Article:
woombie med pod blog
Today's hospitals are focused on "Family Centered Care", meaning the medical staff is involving families ain patient care. In the NICU, parents and grandparents are encouraged to visit often, hold babies, feed babies, assist nurses with bathing, and complete diaper changes. Even siblings as young as three are encouraged to visit.
Prior to co-founding Barski Vail Designs, LLC, I (Chelsea Vail), worked as a Child Life Specialist. In both my practicum and internship I spent time in NICUs and as a professional I was the NICU backup. I consider myself a medical professional. I'm comfortable holding babies regardless of size, health, medical devices or machines that may be in the way. I'm trained to be comfortable and I've experienced it all.
However, when my son, Cash was in the NICU after birth, I found myself feeling like a fish out of water at his bedside. I was in the NICU as a parent, not a staff member. I didn't feel comfortable touching or holding my own son without expressed permission. I was worried I'd accidentally unlatch an EKG lead or tangle a central line. I didn't want nurses upset with me because I was so fragile as a new mom- still healing both physically and emotionally.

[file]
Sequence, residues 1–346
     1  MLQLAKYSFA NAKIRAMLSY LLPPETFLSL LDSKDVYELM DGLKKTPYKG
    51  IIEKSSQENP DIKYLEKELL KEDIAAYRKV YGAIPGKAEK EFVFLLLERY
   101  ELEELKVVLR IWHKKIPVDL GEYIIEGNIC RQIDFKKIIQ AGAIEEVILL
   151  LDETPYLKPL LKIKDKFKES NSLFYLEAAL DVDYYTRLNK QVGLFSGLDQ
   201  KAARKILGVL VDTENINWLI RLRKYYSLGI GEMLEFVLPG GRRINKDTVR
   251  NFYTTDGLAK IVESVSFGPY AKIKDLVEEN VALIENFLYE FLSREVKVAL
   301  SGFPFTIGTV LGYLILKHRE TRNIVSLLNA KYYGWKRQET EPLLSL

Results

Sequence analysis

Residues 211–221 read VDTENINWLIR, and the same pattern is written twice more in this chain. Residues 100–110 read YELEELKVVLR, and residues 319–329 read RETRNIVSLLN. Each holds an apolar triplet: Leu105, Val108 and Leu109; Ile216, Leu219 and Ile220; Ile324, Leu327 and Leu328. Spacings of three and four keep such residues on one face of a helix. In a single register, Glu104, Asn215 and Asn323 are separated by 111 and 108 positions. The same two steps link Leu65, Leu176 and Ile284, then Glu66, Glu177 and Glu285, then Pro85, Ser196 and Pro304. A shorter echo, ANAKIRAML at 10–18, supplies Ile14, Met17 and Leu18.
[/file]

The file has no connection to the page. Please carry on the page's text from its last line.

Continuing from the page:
Woombie Med Pods, Gel Pods, and Bili Pods prevent this nervous feeling and help support Family Centered Care initiative. A neonate wrapped tightly in a Woombie is not at risk for tangled leads because they fit in the specifically placed slits on the front, back, and sides. The limbs are held securely in the 360 degree swaddle sack to avoid startling the infant and causing an unnecessary flight or flight response. A parent, or caregiver, may find the neonate less intimidating to hold when they're swaddled in a Woombie Med Pod.
Unwrapping an infant from a traditional blanket swaddle to change a diaper can be overstimulating and waste valuable energy, but the patented double zipper allows parents and staff to access the baby for diaper changes without disturbance. Imagine the wave of calm over the mother changing her baby's diaper while he rests peacefully in his swaddle.
"Gosh, I would've felt much better leaving my babies everyday knowing they were wrapped up in that thing. At least they would've felt like I was still there." -Katie, Austin, TX, mother of twins